SYDNEY--If you struggle to keep up with today's e-mail volumes, what will you do in the future when you get ten times as many messages, including unsolicited e-mail from corporate systems and alerts from a variety of devices?
That was the question posed by Bill French, chief ingenuity officer of collaboration software developer Starbase, at a seminar hosted by the Victorian branch of the Australian Computer Society. While he did not claim to have the answer to this problem, he did suggest some possible directions.
Part of the problem is that if someone was going to design a system for business communication, e-mail as we know it today would not be the result. A checklist of required attributes would probably include the ability to detect the type of device being used, where an employee is using it, and how secure it is.
"E-mail is practically the opposite of what we would build," French said.
French says that many people send e-mail to multiple addresses to ensure they reach the receiver, putting in the same message in several mailboxes. Giving a personal example about the need for location awareness, when he checked his e-mail that morning from his hotel room, the messages at the top of his in-box were administrative items that would only be relevant if he was back in his office in the United States.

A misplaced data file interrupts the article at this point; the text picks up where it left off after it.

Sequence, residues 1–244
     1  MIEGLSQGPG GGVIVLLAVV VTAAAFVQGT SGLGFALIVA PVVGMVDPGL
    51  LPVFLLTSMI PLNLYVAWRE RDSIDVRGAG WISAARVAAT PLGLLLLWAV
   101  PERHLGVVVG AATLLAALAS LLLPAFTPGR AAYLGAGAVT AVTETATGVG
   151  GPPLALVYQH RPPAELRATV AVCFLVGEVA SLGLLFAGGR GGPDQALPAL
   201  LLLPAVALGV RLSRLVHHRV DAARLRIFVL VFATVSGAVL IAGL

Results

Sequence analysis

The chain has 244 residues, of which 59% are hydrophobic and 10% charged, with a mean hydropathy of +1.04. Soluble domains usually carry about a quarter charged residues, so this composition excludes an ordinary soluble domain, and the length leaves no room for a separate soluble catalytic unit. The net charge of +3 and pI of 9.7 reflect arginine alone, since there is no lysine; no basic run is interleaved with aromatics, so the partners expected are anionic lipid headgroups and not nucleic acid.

"We could never get away with this (inefficiency) in any other product development," he said. E-mail "seems to be a choke point that needs to be eliminated."
Business communications software needs to have some kind of "understanding" of the context of a message: which individuals are involved and what they do, allowing it to categorize the message in some useful way.
"We don't have the time to categorize manually any more," French said. We need to separate content from meaning, just as we have learned to separate data and presentation when building a Web site, French suggested.
Some software developers are already trying to retrofit some of these ideas to the existing e-mail infrastructure.
French demonstrated Enfish, a program that associates and indexes e-mails and attachments you have exchanged with other people, along with related news items, notes, Web-based information and so on.
"There are some basic assumptions we can make that make e-mail more productive," he said.
Staff writer Stephen Withers reported from Sydney.